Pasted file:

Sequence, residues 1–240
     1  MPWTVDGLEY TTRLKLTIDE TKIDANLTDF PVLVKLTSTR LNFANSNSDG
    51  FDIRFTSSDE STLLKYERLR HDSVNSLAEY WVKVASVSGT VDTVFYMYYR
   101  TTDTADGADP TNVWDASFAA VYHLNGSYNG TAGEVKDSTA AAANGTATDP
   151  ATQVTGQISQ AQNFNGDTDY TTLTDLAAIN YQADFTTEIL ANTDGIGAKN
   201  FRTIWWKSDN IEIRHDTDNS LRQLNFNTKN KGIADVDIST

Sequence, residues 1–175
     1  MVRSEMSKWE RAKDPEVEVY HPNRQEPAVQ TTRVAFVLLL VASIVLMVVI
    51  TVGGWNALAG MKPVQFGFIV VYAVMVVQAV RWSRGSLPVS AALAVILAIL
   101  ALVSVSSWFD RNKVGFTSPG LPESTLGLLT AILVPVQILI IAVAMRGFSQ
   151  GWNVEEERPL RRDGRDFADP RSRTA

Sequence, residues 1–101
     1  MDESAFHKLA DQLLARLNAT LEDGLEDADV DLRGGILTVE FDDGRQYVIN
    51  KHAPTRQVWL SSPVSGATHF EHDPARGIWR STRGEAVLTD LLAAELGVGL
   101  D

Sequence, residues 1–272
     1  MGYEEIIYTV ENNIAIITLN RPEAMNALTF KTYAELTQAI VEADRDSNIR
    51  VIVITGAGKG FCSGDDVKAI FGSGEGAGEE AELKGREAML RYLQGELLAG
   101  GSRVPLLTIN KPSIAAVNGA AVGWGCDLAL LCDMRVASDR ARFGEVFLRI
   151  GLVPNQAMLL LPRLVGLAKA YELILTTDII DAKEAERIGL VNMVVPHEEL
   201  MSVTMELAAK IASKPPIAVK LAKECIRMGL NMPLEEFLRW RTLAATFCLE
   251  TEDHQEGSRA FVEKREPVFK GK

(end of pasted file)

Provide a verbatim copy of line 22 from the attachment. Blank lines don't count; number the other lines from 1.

   251  TEDHQEGSRA FVEKREPVFK GK